My husband and I have noticed an interesting transformation happening with several cable network brands. Some of the more intellectual, educational networks have succumbed to reality TV hysteria, and it now seems that their content doesn't quite match the brand meaning as it was originally intended.
Consider A&E, the Arts and Entertainment Channel. If you read the description of A&E at their corporate site, it states:
Now reaching more than 88 million homes, A&E Network brings viewers the Art of Entertainment through a unique combination of three genres -- the Art of Biography, the Art of Documentary and the Art of Drama. A brand synonymous with excellence in television, A&E Network offers a diverse mix of programming ranging from critically acclaimed original series and movies, to innovative documentaries, to the Emmy award winning Biography series ...
If you watch A&E, you know they feature a lineup of such excellence in television as "Dog, the Bounty Hunter" (about a Hawaiian bounty hunting family), "Criss Angel Mindfreak" (about a David Blaine wannabe), and "Growing Up Gotti" (about the daily lives of the relatives of the famous mob boss). My husband is fond of asking: "Does this show represent the A or the E in Arts & Entertainment?" We've come to the conclusion that most of them probably represent the ampersand. Not that we don't love Dog, because he is in fact awesome, but these shows seem like strange bedfellows if you think back to the type of network A&E was when it was launched.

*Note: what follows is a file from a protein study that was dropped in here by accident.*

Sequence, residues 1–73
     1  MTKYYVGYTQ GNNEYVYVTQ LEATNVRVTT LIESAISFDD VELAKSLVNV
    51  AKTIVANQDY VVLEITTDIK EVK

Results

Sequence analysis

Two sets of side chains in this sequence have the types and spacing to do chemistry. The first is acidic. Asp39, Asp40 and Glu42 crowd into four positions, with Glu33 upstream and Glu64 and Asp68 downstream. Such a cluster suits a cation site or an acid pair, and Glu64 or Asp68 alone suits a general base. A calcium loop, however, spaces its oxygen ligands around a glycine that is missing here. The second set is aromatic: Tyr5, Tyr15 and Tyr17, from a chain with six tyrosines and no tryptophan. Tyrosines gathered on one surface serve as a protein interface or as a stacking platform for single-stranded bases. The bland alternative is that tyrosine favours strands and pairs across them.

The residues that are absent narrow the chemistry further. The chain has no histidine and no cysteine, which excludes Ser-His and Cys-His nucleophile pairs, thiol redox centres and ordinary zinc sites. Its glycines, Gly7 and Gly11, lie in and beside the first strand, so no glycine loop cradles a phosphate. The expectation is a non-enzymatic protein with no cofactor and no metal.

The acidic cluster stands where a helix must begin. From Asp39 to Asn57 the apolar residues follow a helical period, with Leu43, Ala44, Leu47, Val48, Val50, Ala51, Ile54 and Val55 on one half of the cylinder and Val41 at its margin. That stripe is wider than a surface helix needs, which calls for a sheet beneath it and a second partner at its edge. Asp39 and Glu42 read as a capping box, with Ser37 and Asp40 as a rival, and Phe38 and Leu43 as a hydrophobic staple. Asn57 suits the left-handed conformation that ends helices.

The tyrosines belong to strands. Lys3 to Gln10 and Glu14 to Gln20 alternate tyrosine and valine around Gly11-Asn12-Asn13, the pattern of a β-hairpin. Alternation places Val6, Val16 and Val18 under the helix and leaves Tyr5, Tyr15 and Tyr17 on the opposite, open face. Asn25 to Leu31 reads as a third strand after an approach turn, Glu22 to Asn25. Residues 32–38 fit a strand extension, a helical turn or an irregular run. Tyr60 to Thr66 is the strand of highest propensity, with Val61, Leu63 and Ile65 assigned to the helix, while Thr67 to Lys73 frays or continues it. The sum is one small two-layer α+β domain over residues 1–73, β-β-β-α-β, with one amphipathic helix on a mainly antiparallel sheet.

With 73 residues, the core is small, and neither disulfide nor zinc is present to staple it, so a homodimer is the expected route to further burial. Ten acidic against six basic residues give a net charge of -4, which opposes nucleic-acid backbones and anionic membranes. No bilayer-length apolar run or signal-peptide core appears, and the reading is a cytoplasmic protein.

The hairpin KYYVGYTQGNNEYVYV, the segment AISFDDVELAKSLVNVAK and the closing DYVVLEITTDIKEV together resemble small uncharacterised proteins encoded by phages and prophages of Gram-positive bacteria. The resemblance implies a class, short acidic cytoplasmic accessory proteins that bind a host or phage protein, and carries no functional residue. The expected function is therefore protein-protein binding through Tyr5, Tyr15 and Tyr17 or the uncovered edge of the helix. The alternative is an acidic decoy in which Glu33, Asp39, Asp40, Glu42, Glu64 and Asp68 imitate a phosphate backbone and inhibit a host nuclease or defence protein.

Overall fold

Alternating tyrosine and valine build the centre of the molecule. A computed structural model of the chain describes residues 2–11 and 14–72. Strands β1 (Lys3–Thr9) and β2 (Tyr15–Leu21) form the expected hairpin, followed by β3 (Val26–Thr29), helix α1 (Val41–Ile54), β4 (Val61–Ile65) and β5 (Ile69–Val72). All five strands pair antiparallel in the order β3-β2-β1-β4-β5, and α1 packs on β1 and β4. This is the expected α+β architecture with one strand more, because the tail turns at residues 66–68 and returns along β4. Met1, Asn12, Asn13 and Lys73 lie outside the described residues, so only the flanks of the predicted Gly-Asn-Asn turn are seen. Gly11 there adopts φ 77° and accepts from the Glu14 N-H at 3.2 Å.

Then there's TLC, or the Learning Channel network. TLC features such shows as "What Not To Wear", "Trading Spaces" and "Overhaulin'". In my household, we've renamed it the Loser Channel, since it seems to be aimed at people who have no idea how to dress or decorate their home, and who drive cars in need of serious body work. When I think of TLC, I think of shows about space, and nature, and ... and ... "Sports Disasters"? As they describe it:
Through emotional storytelling, TLC seeks to unite, engage and empower people to transform their lives. TLC is one of the most valued entertainment brands in the marketplace today, a trusted place for viewers to find high-quality programming ...
High quality programming indeed. Should I watch "Miami Ink", about a tattoo parlor in Miami airing on TLC, or "Inked", about a tattoo parlor in Las Vegas airing on A&E? Decisions, decisions.